- Because of its location, our geocaching profile now shows that the farthest south geocache we’ve found is in New Zealand (S 45°) and the farthest east (of the Prime Meridian) geocache we’ve found is in New Zealand (E 176°).
- The New Zealand geocaching community has collaborated to create some top-quality “by donation” maps: 1) topo maps that include hiking trails, property delineations and landmarks; and 2) road maps with routing capabilities. These NZ Open GPS Project maps were all we needed to find our way around New Zealand. We loaded the auto-routing map set onto our Garmin Nuvi for street navigation and both sets of maps onto our Garmin Oregon 550T handheld unit for use while hiking and geocaching.
A Few Noteworthy Geocaches
Most Creative Container
The most creative geocache container we found was for GC4KEB6 When Nature Calls. It’s a Premium Member Only geocache, hidden up a hillside at the Kura Tawhiti Conservation Area. Not only was the container creative, but the door opened onto a detailed scene that contained a couple of possible logsheet locations. It was clear from the bits of paper I found inside that some geocachers have claimed a “found it” log on this cache without signing the official (well-hidden) logsheet. In this kind of situation, it’s up to the cache owner to decide what, if anything, to do about the not quite valid “found it” logs.
One of the most difficult geocaches we found in New Zealand was GC2V5HV Get Your Boots On Challenge. In short, it’s meant to encourage geocachers to undertake some longer hikes in New Zealands Southern Alps and requires finders to first accumulate a total 30 geocache finds at various altitudes. Since it’s publication date 3 years ago, only 6 “found it” logs have been posted, including ours (and we had to supplement our New Zealand geohiking finds with some from the Canadian Rockies). This particular cache filled a blank spot in our Difficulty/Terrain grid, so we really worked at meeting the logging requirements. And, as is sometimes the case with vacation geocaching, this particular cache has us thinking about adapting some version of the challenge as the basis for a new cache here at home.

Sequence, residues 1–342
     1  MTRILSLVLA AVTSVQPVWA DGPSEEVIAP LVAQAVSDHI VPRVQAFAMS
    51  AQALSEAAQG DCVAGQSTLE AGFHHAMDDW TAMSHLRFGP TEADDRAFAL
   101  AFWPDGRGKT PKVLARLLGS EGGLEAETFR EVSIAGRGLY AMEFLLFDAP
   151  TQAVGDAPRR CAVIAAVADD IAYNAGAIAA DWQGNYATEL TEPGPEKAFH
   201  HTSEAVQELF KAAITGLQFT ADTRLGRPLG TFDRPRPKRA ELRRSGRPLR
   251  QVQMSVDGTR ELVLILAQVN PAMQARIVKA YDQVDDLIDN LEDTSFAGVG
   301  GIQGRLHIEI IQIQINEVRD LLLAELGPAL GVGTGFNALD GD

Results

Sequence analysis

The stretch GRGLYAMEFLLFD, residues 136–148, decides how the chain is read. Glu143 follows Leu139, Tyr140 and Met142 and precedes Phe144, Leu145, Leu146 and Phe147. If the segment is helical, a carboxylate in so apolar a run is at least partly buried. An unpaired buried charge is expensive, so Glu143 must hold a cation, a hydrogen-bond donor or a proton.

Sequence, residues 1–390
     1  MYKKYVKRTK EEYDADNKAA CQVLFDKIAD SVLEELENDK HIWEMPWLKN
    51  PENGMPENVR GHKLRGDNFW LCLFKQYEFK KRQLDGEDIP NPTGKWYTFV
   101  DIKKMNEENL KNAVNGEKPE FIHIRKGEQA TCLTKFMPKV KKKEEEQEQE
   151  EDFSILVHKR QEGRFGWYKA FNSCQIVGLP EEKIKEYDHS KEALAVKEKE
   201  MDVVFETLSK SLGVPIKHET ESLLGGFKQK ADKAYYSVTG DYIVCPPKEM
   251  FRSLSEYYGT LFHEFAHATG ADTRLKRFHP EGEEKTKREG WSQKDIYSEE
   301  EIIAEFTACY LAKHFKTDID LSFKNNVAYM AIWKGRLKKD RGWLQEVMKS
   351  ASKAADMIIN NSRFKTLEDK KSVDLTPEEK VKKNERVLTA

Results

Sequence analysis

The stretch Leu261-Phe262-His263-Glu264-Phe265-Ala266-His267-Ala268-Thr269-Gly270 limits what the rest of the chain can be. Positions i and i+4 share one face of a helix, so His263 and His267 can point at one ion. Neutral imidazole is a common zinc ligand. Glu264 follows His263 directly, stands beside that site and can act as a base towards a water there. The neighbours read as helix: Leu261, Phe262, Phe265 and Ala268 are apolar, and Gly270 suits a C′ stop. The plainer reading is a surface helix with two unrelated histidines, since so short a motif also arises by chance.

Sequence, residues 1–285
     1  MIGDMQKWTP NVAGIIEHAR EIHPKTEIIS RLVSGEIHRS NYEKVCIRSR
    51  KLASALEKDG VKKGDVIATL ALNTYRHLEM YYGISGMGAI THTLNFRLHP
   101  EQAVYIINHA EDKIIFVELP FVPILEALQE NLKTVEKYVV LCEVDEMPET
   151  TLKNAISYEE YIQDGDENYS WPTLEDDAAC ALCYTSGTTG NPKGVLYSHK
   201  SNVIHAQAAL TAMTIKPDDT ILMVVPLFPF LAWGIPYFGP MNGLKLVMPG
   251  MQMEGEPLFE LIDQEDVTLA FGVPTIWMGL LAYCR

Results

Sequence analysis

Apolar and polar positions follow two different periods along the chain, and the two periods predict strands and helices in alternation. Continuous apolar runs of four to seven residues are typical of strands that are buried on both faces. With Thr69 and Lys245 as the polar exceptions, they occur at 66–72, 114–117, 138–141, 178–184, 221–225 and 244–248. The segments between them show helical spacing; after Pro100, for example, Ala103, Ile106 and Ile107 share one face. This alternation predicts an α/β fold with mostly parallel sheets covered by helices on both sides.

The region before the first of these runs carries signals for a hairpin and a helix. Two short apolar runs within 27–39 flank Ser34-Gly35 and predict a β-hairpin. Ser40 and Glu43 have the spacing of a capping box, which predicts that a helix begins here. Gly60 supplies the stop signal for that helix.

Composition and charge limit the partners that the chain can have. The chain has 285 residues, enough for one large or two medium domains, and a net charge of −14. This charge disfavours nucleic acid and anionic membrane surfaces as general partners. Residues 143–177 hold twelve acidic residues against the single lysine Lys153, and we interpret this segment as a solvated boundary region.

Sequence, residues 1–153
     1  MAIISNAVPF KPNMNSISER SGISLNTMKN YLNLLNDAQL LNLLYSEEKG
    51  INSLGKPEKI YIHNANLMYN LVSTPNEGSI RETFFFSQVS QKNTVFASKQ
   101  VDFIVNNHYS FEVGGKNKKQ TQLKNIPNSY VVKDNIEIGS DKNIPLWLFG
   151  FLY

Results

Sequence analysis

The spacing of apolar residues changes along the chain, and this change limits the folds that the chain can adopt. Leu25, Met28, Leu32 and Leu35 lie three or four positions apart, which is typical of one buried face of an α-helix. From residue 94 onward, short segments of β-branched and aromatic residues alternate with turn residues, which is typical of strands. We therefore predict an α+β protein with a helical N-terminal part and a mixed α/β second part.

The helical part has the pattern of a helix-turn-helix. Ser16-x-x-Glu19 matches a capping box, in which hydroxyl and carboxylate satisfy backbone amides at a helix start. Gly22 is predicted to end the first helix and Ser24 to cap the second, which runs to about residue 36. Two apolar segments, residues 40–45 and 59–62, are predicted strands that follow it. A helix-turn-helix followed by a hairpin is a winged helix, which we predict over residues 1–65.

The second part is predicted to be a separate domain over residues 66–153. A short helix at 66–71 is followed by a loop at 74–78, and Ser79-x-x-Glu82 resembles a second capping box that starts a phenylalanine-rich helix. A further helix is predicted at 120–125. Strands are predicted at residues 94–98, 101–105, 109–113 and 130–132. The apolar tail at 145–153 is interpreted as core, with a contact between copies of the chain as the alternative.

New Zealand has so much beautiful scenery that it’s impossible to identify a single-most picturesque geocache. Here’s a small selection of some of the landscapes we enjoyed while geocaching in New Zealand.
One of the all-time, most fun geocaches we’ve ever found was while we were on vacation in New Zealand: GC45AT3 3013. It’s a 4-star difficulty/5-star terrain cache that requires finders to walk upstream in thigh-deep, freezing cold water, in a dark cave, for about 600 meters, while collecting information to derive the coordinates for the cache container. Fortunately, we visited New Zealand in late summer and could complete the adventure wearing our bathing suits and sandals. At other times of the year, a wetsuit would be mandatory! This geocache has only been found 3 times since it was published a year ago. It was pretty tough! The cache owner put a lot of thought into how to make the final coordinates solvable, incorporating a checksum into the cache write-up. Even so, we had to email the CO for help and she kindly provided the gentle nudge that allowed us to figure out the one place we went wrong. Read all about our Cave Stream adventure in this blog post!
Do you geocache while on vacation? Or do you go on vacation in order to geocache? We invite you to share highlights from your latest vacation geocaching adventure by leaving a comment and/or posting a link. And if you use a smart phone while vacation geocaching, we’d appreciate any tips/tricks/traps you’d like to share, since we’ve always used a GPS receiver but are now equipped with a smart phone. Happy caching!